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St. Paul Park’s Heritage Days street dance to end earlier

Heritage Days revelers can drink and dance in the street this year — but maybe only until sunset.

The St. Paul Park/Newport Lions Club has agreed to take charge of the Broadway Avenue street dance during the 2014 Heritage Days festival.

While the street dance is the main event of the three-day celebration, it is also a topic of scrutiny as alcohol-related incidents have led to increased police calls.

In an attempt to rein in excessive drinking during the on-street event, the Lions are proposing to get patrons off Broadway Avenue by 9 p.m.

“We want to try to end earlier to help public safety get the area settled down and get the people inside the bars and under control,” Lions Club President John Wright told City Council members last week.

Wright said the club’s proposal is to begin the street dance at 4 p.m., allow the usual street drinking for the evening, stop the music at 8 p.m., and have the street cleared of festival-goers and open to traffic by 9 p.m.

That is much earlier than in past years. In 2013 event-goers drank on Broadway Avenue until 11 p.m.

Mayor Keith Franke, who was in favor of the Lions’ proposal, said allowing traffic on Broadway after the dance will help remind event-goers of the new rules.

“I don’t think it will be hard to enforce the time change,” he said.

St. Paul Park Police Chief Mike Monahan said he thought ending the street dance earlier will help law enforcement better control drinkers.

Franke also said shutting down early would help local bars draw more customers, giving “them a leg up.” Franke owns his namesake bar on Broadway Avenue.

The proposal is still being fine-tuned with the Lions Club, and the City Council will have the final word. Heritage Days is planned for the third weekend in August.

Entertainment for the event has yet to be booked, but Franke said the Heritage Days Planning Committee and Lions Club are expected to “hammer out the details soon.”

“People, I hope, are going to be understanding and realize that we are trying to listen to the citizens,” he added. “At the same time, we’re trying to keep this thing viable and functioning and on such short notice with all the snafus that we’ve had.”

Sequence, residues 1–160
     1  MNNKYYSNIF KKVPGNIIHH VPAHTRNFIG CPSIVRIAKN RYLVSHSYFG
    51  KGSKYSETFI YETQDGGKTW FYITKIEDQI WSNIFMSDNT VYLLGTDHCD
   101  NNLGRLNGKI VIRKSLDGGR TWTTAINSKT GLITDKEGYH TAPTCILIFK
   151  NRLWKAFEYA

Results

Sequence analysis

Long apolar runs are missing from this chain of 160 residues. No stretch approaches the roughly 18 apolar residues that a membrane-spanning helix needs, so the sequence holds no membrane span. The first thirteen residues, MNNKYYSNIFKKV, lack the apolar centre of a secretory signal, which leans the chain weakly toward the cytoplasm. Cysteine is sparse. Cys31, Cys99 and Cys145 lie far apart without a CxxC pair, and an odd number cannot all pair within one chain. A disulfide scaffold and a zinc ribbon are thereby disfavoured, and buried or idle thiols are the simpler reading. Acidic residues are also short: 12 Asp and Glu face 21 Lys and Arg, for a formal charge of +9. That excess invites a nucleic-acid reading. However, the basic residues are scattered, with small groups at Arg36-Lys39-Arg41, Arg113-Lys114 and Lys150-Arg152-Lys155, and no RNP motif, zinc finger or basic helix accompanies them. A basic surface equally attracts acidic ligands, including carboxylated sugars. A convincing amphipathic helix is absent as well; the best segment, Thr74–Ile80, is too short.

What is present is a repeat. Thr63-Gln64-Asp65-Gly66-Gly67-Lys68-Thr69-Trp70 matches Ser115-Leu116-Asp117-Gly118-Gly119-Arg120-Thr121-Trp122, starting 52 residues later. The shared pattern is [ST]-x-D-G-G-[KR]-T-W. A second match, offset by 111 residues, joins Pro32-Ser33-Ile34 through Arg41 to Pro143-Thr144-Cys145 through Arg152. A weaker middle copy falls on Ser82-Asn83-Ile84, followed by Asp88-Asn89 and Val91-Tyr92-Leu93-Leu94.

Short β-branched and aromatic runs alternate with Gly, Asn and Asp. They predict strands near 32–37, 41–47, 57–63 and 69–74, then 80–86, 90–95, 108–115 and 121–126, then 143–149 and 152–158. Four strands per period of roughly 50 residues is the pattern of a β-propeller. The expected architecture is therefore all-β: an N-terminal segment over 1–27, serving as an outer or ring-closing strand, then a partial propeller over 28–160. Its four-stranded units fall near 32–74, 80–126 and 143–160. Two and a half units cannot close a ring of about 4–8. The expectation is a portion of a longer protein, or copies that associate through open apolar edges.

Carnival guarantees at least one ‘large’ ride

Despite the main event lacking a booked musician, Franke said he continues to have productive conversations with the same carnival vendor that former Heritage Days organizer Jim Domeier was working with prior to his departure earlier this year.

During a recent workshop, Franke informed City Council members that if a contract is awarded, the company will guarantee several rides and more family-friendly attractions.

“They will hopefully bring an extra bigger ride and games,” he said. “In talking with them it sounds like they will have more family-friendly and diverse ones with at least one large ride — larger than they have provided in the past.”

The tractor pull, which is typically held on Sunday, is still up in the air.

Aside from the street dance, the Lions also will plan the mud volleyball and horseshoe tournaments, previously organized by Wright’s son-in-law, Mark Duffy.

The City Council has budgeted $5,000 for the event this year, with the city willing to pitch in up to $10,000 if necessary. However, Franke said he hopes with 2014 being “a limbo year,” that the event will become self-sustaining in the future.

“If we have someone take this over long-term, it should become profitable,” he said. “Going forward, I’m hoping we can get to the point where city funds don’t have to be dipped into to host (Heritage Days).”

The Heritage Days Planning Committee is still looking for St. Paul Park residents who are interested in being on the board. Applicants can call City Hall at 651-459-9785 for more information.